In business or on horses, he lived to compete
By ANDREW MEACHAM, Times Staff Writer
Published November 14, 2007
Robert Peterson died on Friday after undergoing hernia surgery. He was 89.
Robert Peterson tried to run his life as efficiently as the machinery he designed. Passionate and competitive, he founded six companies and raced thoroughbreds by sleeping just four hours a night, his family said.
A Detroit native, Mr. Peterson spent his adult life commuting between Florida and Michigan. In 1998, he moved for good to his 5-acre ranch in Odessa.
"He could look in a horse's eyes and tell if they were happy or sad, or if they needed special attention," said Rick Slomkowski, Mr. Peterson's trainer for 30 years.
Mr. Peterson died on Friday after undergoing hernia surgery. He was 89.
A fourth-generation tool-and-die maker, Mr. Peterson worked for Ford Motor Co., cutting and grinding the machine parts that make cars.
He started his own business in the 1940s, then created other companies. He named Major Gauge and Tools, his most successful company, after a rescued Great Dane, a one-master dog that some people found frightening.
In the 1950s, Mr. Peterson played polo for the Ivory Rangers, one of many teams in the Detroit area. Later, Mr. Peterson had a falling out with its founder, moving magnate John Ivory, and formed a team of his own.
In business, Mr. Peterson was a hard-liner who would rather disband a company than work with unions. He was more generous in his personal life, once rescuing a cash-strapped Detroit church from insolvency.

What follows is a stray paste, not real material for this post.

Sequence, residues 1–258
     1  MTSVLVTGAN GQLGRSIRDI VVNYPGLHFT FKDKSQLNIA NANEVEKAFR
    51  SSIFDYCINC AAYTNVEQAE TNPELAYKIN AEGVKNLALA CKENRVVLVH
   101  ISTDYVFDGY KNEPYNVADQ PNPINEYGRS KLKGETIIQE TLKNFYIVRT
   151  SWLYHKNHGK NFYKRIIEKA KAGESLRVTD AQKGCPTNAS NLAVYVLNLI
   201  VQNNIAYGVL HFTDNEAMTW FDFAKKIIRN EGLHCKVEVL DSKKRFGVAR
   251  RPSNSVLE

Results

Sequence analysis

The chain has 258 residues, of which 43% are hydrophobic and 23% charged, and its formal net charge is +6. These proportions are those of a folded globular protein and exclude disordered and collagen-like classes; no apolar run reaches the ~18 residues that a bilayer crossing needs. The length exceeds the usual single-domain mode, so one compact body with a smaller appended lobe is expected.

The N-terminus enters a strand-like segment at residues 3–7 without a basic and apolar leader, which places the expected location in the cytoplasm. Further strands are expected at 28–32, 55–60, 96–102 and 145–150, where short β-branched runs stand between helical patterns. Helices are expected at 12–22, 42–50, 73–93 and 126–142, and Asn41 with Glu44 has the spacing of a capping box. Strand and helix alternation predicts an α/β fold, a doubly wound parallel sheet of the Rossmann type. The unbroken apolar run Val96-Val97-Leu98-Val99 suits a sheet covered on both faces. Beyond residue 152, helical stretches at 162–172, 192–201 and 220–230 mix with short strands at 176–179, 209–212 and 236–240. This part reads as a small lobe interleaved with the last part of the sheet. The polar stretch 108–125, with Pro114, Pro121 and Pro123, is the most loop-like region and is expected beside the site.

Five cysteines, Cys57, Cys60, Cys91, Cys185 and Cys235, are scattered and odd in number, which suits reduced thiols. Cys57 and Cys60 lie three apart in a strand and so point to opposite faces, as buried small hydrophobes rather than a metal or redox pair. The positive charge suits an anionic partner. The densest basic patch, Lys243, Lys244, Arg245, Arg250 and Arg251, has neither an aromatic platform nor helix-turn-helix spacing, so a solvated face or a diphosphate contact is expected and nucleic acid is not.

As his fortune grew, Mr. Peterson began buying and training racehorses. He did most of his racing in retirement, running more than 100 thoroughbreds at Tampa Bay Downs, as well as race tracks in Alabama, Delaware and Michigan.
His reputation was strong at Tampa Bay Downs, where his horses won about 25 percent of their races, though less frequently in recent years, according to Slomkowski.
Mr. Peterson lavished attention on his dogs, a black Labrador named Scooter and a Weimaraner named Bear.
He liked Honey Nut Cheerios, pork chops from Longhorn Steak House and a daily glass of merlot, said Stacey Peterson, 36, who cared for her father.
"He could be tough to live with," she said. "The more he loved you, the harder he was on you as far as telling you where you were going wrong, or what you needed to do differently."
Mr. Peterson drove the speed limit or faster, even when he had to use his hands to lift his legs into the car. His combined physical ailments - the result of polo injuries, arthritis, two hip replacements and a crushed leg after a horse fell on him in 1997 - made standing difficult.
"He would say, 'No, no, no, I've got it, just give me a minute,'" his daughter said.
In Odessa, he rose each morning at 7 a.m. and watched his trainer work with his horses.
He continued those routines until his body gave out. Andrew Meacham can be reached at 813 61-2431 or firstname.lastname@example.org.
Robert R. Peterson
Born: May 20, 1918.
Died: Nov. 9, 2007.
Survivors:wife, Terry Lynn Peterson; children Thomas Peterson, Jerry Peterson, Robert Peterson Jr., Vicki Peterson, Lisa Peterson and Stacey Peterson; and three grandchildren.
[Last modified November 13, 2007, 21:13:16]
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